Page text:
Brexit a ‘wake-up call’ but no threat to EU, Juncker tells MEPs

UK will not have ‘a la carte’ accees to single market, commission president vows

Britain's decision to leave the European Union is a "wake-up call" for the bloc but will not threaten its existence, European Commission president Jean Claude Juncker said yesterday.

In a widely anticipated speech to the European Parliament ahead of tomorrow's informal meeting of EU leaders in Bratislava, Mr Juncker said that while the EU "respects and regrets" the Brexit vote, Britain will not have "a la carte" access to the EU's single market.

His warning underlines the differences between Brussels and London over the terms of Britain's exit.

British prime minister Theresa May has said she expects Britain to both retain access to the single market and to restrict free movement, setting the stage for a battle with Brussels when negotiations commence next year.

Mr Juncker used his annual state of the union address to the parliament to call for unity across the bloc in the wake of the British referendum, arguing that the union is more fragmented than ever.

He said EU member states needed to work together to overcome differences and to remember the values on which the project was founded. “Is this a union that has forgotten its past? Our children deserve better,” he said, referencing his own father who had fought in the second World War.

Among the specific measures proposed by the commission president in his speech was an increase of funding for its flagship investment plan, a US-style data registration system that would screen incoming visitors to the EU, and a plan to establish a volunteer European “youth corps” numbering up to 100,000.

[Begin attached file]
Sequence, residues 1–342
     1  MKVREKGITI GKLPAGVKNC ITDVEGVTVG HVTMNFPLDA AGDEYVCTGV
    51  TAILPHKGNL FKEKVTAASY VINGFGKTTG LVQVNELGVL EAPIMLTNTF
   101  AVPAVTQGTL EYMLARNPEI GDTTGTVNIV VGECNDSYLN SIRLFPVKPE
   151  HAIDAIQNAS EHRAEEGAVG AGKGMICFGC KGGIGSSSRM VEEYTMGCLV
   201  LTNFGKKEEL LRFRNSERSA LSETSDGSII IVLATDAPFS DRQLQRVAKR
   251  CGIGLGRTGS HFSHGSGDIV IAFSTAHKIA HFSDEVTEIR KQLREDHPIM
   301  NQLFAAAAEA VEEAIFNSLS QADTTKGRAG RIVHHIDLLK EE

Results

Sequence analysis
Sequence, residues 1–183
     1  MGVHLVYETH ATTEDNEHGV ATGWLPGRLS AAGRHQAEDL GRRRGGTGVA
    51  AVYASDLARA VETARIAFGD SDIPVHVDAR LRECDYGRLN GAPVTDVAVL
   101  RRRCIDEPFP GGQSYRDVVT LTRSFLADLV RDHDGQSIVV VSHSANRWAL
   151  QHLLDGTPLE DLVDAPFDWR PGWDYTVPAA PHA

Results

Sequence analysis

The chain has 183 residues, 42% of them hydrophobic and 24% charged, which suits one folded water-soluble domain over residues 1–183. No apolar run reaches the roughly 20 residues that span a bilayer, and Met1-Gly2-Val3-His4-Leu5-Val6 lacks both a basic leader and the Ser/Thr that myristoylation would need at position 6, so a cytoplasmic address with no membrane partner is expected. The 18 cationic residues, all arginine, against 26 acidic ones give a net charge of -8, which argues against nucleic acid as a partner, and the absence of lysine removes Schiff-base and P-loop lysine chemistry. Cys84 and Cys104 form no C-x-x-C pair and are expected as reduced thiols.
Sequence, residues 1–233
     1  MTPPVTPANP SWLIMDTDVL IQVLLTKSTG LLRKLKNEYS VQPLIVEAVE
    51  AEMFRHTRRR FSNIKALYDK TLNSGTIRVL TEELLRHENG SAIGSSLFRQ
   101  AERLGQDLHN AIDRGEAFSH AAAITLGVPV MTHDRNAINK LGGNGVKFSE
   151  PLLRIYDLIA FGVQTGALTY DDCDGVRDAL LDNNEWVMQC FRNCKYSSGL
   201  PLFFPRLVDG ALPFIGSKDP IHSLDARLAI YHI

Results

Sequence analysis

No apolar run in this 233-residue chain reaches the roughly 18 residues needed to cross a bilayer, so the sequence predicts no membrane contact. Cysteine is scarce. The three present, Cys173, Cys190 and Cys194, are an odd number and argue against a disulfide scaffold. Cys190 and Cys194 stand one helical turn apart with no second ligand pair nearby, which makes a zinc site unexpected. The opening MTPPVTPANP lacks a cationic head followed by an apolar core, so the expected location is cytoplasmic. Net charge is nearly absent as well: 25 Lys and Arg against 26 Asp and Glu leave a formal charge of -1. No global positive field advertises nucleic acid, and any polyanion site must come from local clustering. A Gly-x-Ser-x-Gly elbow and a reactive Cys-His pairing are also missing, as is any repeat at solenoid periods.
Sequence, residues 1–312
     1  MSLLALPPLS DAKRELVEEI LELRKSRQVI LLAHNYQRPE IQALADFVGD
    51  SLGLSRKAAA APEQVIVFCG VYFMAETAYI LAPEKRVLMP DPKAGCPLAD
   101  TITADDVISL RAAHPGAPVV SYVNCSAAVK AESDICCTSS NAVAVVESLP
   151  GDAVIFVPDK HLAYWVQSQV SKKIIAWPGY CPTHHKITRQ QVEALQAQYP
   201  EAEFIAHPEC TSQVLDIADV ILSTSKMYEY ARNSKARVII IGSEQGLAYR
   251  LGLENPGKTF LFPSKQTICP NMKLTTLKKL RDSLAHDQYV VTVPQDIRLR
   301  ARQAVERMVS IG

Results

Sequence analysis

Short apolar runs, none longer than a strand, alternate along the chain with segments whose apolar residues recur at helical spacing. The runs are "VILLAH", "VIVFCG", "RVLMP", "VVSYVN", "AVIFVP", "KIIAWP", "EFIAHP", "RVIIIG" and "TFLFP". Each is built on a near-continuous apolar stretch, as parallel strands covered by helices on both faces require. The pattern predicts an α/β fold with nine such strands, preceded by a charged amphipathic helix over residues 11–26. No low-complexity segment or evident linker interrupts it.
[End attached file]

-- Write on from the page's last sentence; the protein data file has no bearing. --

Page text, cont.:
Mr Juncker’s speech also included a strong emphasis on defence and security measures.

"Europe can no longer afford to piggy-back on the military might of others or let France alone defend its honour in Mali, " he said, in written comments issued after the address.

Toughen up

Mr Juncker also said the EU needs to “toughen up” when it comes to defence policy.

"The Lisbon Treaty enables those member states who wish to pool their defence capabilities in the form of a permanent structured co-operation," he said. "I think the time to make use of this possibility is now."

The deployment of an additional 200 extra border guards and 50 extra vehicles to the Bulgarian border were among the proposals announced by Mr Juncker, as well as moves to strengthen Europol, the EU-wide intelligence agency.

Protecting the EU’s external borders and increase security co-operation will be discussed by EU leaders when they gather in the Slovak capital for a one-day meeting tomorrow.

Britain will not be represented at the summit, convened by European Council president Donald Tusk in the wake of the British referendum in June.

In his letter to EU leaders ahead of the meeting, he said it would be a “fatal error to assume that the negative result in the UK referendum represents a specifically British issue”.

“Business as usual is not an option,” he said. “We can either come out of this crisis weaker and conflicted, or stronger and more united.”

Mr Tusk highlighted security and counter-terrorism measures as some of the priorities for leaders. “Someone must give back to Europeans their sense of security,” he said.

Speaking in the parliament following Mr Juncker’s speech yesterday, British MEP Syed Kamall, who leads the British Conservatives in the parliament, accused Mr Juncker of producing the “same mantra as before”.

“In many other EU countries, the warning signals are there, and if they continue to be ignored, don’t be surprised if others ask to follow,” he said.

Suzanne Lynch

Suzanne Lynch

Suzanne Lynch, a former Irish Times journalist, was Washington correspondent and, before that, Europe correspondent